And The Golden Lotus

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Chapter 22 (Asian Transitions in an Age of Global Change)


Asian sea trading network:





Treaty of Gijanti (1757):



Francis Xavier:

Robert Di Nobli:


Macao and Canton:

The Water Margin, Monkey, and The Golden Lotus:


Matteo Ricci and Adam Schall:




Toyotomo (as earlier) Hideyoshi:

Tokugawa Ieyasu:



School of National Learning:




Dutch trading empire:


  1. Describe the nature of the Asian sea-trading network.

When the first Europeans arrived in Asia they discovered that their products were too primitive

for profitable exchange for Asian goods. Muslim traders dominated Indian Ocean and southeast

Asian commerce, and Islam blocked the spread of Catholic Christianity. The trading network

stretched from the Middle East and Africa to east Asia, and was divided into three main zones:

an Arab division in the West, India in the center, and China in the East. Also, there were

peripheral regions in Japan, southeast Asia, and east Africa. Most of the trade passed along safer

coastal routes, converging in vital intersections at the openings of the Red Sea and Persian Gulf,

and the Strait of Malacca. The system had two critical characteristics: central control and

military force were absent.

  1. Describe the Portuguese discoveries at Calicut and their response to those discoveries.

The Portuguese did not have commodities that were acceptable for profitable trade with Asia.

Therefore, the Portuguese used force to enter the network. Their superior ships and weaponry

were unmatched except by the Chinese. Taking advantage of the divisions between Asians, the

Portuguese won supremacy on the African and Indian coasts. The Portuguese aimed to

monopolize the spice trade.

  1. Trace how the Dutch displaced the Portuguese and compare their participation in the

Asian trading network with that of the Portuguese.

The Portuguese lacked the manpower and ships necessary for enforcement. Many Portuguese

ignored their government and traded independently, while rampant corruption among officials

and losses of ships further hampered policies. The Dutch challenged the weakened Portuguese in

the seventeenth century. The Dutch captured Malacca and built a fort at Batavia in Java in 1620.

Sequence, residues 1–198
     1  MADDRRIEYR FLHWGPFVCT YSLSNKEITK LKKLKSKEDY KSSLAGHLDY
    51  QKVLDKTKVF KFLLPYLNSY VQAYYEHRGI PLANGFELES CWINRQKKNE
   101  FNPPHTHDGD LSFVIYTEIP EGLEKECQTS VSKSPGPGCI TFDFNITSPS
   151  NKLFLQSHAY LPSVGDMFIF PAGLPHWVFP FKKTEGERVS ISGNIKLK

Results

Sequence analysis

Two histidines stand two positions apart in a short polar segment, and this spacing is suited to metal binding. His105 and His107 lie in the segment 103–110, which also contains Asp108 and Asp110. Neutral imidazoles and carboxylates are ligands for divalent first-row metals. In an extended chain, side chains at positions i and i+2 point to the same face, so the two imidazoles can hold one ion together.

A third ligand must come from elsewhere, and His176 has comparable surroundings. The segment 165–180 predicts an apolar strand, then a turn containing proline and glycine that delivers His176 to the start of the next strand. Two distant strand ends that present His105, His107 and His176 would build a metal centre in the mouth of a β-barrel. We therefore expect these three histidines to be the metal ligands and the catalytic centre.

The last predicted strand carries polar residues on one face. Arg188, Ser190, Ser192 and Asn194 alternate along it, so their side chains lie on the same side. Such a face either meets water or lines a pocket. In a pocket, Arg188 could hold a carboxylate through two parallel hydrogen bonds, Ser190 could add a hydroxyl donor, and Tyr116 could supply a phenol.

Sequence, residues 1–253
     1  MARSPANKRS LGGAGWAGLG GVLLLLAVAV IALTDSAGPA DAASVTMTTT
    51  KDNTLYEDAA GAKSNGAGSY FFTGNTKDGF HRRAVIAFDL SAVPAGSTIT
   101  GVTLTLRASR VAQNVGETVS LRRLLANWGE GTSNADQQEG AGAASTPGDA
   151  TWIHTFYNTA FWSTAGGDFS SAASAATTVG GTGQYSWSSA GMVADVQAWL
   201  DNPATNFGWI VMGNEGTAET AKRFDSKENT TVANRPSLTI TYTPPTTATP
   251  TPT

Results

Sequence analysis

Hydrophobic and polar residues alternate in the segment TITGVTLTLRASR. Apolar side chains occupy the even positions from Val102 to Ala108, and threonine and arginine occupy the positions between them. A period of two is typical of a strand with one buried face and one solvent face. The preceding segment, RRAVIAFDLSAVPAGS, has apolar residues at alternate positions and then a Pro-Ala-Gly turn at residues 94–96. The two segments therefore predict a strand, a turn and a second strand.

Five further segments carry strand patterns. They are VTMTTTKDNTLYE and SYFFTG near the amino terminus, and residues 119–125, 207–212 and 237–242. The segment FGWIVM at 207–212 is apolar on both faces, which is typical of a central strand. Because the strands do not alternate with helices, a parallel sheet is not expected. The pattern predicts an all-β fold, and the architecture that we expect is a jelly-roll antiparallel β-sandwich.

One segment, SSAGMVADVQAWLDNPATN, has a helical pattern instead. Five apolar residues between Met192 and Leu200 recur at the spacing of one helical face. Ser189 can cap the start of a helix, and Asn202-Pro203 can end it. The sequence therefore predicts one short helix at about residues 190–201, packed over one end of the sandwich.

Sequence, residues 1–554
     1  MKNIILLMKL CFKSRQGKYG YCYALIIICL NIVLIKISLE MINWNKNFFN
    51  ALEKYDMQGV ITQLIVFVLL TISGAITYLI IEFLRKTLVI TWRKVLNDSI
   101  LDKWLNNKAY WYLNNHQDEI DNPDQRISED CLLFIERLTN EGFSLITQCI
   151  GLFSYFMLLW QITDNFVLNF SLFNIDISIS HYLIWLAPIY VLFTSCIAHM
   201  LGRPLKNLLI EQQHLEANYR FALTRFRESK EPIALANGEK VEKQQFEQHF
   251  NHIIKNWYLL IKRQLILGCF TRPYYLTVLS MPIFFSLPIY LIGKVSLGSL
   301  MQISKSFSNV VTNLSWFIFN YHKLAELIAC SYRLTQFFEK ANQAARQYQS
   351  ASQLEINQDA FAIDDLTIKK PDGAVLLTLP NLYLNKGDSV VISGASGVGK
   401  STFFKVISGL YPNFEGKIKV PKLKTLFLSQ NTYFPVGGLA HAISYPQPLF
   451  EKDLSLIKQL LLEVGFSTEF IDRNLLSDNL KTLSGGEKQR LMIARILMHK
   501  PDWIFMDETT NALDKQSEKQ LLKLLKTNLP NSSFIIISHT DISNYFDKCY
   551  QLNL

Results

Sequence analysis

They decided to concentrate on the monopoly control of some spices. The Dutch trading empire

resembled the Portuguese, but they had ships that were better armed and they controlled their

monopoly with ruthless efficiency. The Dutch discovered that large profits came from peacefully

exploiting the established system. For example, when the spice trade declined, they relied on fees

charged for transporting products from one Asian place to another.

  1. Define the origins of the European tribute systems.

Europeans were able to control Asian seas but not inland territories. The vast Asian armies offset

European technological and organizational advantages. Europeans were forced to accept the

power of Asian rulers in return for permission to trade. The Europeans established tribute

systems resembling the Spanish system in the New World.

  1. Trace the success of the European Christian missionary efforts.

The Protestant Dutch and English were not much interested in winning converts. Catholic

Portugal and Spain were, but success in Asia was minimal. The world religions of Islam,

Hinduism, and Buddhism made it difficult to find converts. Conversion occurred only in isolated

regions like the northern Philippines.

  1. Trace the Ming restoration of traditional Chinese forms of government.

Zhu Yuanzhang, a military commander of peasant origins, became the first Ming emperor, with

the name of Hongwu. He was suspicious of the scholar-gentry class; however, he realized that an

alliance between himself and the scholar-gentry class was a necessity. Hongwu reinstated and

greatly expanded the civil service examination system. By reinstating this exam system and

Confucian ideas, Ming rulers were embracing the Han dynasty.

  1. Trace the Chinese withdraw from commercial expansion.

The Chinese, 50 years after the last of the Zhenghe expeditions, developed a policy of isolation.

In 1390, the first decree limiting overseas commerce appeared, and the navy was allowed to

decline. Europeans exacerbated the situation by being drawn to the great empire. Missionaries

sought access to the Middle Kingdom.

  1. Describe the steps which led to the restoration of the Japanese shogunate.

Tokugawa Ieyasu rose to power from a minor daimyo house in Japan. Instead of seeking

overseas expansion, Tokugawa concentrated on consolidating power in Japan. He was granted

the title of shogun, which formalized rule by the Tokugawa shogunate. This action led to the

consolidation of power being granted from the daimyos. The Tokugawa shogunate brought an

end to a century of civil war and led to political unity in Japan.

  1. Why did the Japanese resort to isolation as a response to European expansion?

Fear of subversion of the existing order by European missionaries was the main reason for the

self-imposed isolation.

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